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Informing the Development of a Mobile Phone HIV Testing Intervention: Intentions to Use Specific HIV Testing Approaches Among Young Black Transgender Women and Men Who Have Sex With Men.

Informing the Development of a Mobile Phone HIV Testing Intervention: Intentions to Use Specific HIV Testing Approaches Among Young Black Transgender Women and Men Who Have Sex With Men.
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Koblin BA, Nandi V, Hirshfield S, Chiasson MA, Hoover DR, Wilton L, Usher D, Frye V,


Koblin BA, Nandi V, Hirshfield S, Chiasson MA, Hoover DR, Wilton L, Usher D, Frye V, (click to view)

Koblin BA, Nandi V, Hirshfield S, Chiasson MA, Hoover DR, Wilton L, Usher D, Frye V,

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JMIR public health and surveillance 2017 07 073(3) e45 doi 10.2196/publichealth.7397

Abstract
BACKGROUND
Regular human immunodeficiency virus (HIV) testing of persons at risk is critical to HIV prevention. Infrequent HIV testing and late diagnosis of HIV infection have been observed among young black men who have sex with men (MSM) and transwomen (transgender women)-two groups overrepresented in the HIV epidemic.

OBJECTIVE
The objective of this study was to inform the development of a brief mobile phone intervention to increase HIV testing among young black MSM and transwomen by providing a tailored recommendation of an optimal HIV testing approach. We identified demographic, behavioral, psychosocial, and sociostructural factors associated with intentions to use three specific HIV testing approaches: self-testing, testing at a clinic or other provider, and couples HIV testing and counseling (CHTC).

METHODS
Individuals were eligible for a Web-based survey if they were male at birth; were between the ages of 16 and 29 years; self-identified as black, African American, Caribbean black, African black, or multiethnic black; were not known to be HIV-infected; and reported insertive or receptive anal intercourse with a man or transwoman in the last 12 months. Recruitment occurred via banner advertisements placed on a range of social and sexual networking websites and apps in New York City and nationally, and via events attended by young black MSM and transwomen in New York City. Intention to test by each testing method was analyzed using logistic regression with best subset models and stepwise variable selection.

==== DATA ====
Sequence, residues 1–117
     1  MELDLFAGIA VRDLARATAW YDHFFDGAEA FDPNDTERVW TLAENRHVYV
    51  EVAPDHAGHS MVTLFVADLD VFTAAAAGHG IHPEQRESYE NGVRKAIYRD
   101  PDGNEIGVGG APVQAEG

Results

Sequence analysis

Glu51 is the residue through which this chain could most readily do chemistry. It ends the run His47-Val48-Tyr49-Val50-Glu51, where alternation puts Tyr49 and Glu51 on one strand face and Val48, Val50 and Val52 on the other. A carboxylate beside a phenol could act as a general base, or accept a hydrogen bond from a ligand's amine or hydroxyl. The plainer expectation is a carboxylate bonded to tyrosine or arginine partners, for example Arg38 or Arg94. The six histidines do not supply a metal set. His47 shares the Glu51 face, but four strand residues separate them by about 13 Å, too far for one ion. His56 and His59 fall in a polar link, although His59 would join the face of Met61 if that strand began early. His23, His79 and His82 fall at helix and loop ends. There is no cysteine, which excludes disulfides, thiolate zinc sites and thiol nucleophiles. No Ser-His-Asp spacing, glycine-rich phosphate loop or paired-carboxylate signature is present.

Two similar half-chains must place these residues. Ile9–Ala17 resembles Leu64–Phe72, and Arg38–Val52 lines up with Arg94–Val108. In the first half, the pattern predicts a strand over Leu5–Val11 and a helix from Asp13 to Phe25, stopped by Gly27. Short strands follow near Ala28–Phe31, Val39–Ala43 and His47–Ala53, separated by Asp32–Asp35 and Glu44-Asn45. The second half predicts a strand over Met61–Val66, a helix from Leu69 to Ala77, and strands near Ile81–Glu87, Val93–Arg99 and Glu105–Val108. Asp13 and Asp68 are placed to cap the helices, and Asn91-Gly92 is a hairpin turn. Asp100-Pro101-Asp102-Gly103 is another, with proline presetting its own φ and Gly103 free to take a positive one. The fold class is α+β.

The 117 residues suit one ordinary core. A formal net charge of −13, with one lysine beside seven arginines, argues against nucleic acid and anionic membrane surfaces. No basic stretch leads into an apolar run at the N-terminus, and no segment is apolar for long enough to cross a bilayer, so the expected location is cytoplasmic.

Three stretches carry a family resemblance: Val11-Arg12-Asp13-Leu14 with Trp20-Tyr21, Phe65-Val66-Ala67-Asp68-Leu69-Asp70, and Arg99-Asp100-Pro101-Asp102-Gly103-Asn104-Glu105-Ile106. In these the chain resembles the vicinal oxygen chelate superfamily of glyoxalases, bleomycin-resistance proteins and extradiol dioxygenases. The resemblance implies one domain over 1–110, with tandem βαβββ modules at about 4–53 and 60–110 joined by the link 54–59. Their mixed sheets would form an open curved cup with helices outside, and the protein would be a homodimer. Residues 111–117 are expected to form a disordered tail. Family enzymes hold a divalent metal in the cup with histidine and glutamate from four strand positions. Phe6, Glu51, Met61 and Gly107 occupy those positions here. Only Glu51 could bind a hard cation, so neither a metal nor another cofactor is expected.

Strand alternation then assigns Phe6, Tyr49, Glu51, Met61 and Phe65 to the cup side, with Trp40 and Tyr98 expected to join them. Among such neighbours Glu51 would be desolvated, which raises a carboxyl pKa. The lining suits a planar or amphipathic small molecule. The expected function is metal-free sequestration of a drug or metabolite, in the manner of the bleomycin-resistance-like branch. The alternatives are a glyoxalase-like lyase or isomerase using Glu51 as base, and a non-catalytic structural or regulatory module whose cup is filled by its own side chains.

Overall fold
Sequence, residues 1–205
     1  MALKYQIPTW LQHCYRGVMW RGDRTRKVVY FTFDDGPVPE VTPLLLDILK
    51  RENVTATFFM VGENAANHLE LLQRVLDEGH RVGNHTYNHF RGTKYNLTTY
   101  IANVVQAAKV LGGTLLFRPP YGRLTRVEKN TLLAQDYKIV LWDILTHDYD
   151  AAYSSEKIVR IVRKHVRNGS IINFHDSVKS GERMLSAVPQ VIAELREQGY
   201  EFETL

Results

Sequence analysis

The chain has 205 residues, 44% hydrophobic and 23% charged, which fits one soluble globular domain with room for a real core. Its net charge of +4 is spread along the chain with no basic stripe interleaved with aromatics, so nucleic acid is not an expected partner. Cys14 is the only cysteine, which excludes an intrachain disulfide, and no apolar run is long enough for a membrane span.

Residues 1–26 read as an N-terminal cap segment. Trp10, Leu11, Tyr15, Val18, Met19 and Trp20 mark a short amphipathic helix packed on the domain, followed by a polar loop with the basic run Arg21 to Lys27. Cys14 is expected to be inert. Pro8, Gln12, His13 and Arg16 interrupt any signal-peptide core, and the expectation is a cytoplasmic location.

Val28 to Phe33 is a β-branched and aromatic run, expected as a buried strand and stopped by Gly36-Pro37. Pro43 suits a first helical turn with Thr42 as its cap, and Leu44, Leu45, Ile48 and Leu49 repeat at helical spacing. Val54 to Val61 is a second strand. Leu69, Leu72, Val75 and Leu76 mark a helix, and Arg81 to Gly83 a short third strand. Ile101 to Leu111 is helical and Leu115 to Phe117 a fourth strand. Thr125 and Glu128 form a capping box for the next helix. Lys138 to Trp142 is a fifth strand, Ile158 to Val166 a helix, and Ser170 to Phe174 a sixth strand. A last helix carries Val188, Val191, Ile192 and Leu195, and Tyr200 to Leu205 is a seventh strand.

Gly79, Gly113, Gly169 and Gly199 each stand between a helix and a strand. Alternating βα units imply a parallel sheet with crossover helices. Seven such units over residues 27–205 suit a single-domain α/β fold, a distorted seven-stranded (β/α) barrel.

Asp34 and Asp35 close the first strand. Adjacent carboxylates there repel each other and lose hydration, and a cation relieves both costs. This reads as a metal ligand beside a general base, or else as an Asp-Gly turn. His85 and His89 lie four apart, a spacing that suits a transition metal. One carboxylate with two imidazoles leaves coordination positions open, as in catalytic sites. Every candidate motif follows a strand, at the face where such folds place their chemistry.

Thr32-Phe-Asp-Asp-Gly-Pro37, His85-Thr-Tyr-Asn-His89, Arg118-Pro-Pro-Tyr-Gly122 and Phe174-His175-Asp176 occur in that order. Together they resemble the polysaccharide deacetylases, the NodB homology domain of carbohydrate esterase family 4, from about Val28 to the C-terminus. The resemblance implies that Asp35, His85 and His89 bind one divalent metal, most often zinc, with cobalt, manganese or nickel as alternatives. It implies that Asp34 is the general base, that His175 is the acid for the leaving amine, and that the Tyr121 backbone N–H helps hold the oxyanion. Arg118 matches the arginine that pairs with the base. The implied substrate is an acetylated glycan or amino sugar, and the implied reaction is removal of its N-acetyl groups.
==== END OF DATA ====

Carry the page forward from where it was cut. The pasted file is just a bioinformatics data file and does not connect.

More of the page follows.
RESULTS
Among 169 participants, intention to use a self-test was positively associated with comfort in testing by a friend or a partner at home (Adjusted odds ratio, AOR, 2.40; 95% CI 1.09-5.30), and stigma or fear as a reason not to test (AOR 8.61; 95% CI 2.50-29.68) and negatively associated with higher social support (AOR 0.48; 95% CI 0.33-0.72) and having health insurance (AOR 0.21; 95% CI 0.09-0.54). Intention to test at a clinic or other provider was positively associated with self-efficacy for HIV testing (AOR 2.87; 95% CI 1.48-5.59) and social support (AOR 1.98; 95% CI 1.34-2.92), and negatively associated with a lifetime history of incarceration (AOR 0.37; 95% CI 0.16-0.89). Intention to test by CHTC was negatively associated with higher educational level (Some college or Associate’s degree vs high school graduate or less [AOR 0.81; 95% CI 0.39-1.70]; Bachelor’s degree or more vs high school graduate or less [AOR 0.28; 95% CI 0.11-0.70]).

CONCLUSIONS
Unique factors were associated with intention to test using specific testing approaches. These data will be critical for the development of a tailored intervention that shows promise to increase comfort and experiences with a variety of testing approaches among young black MSM and transwomen.

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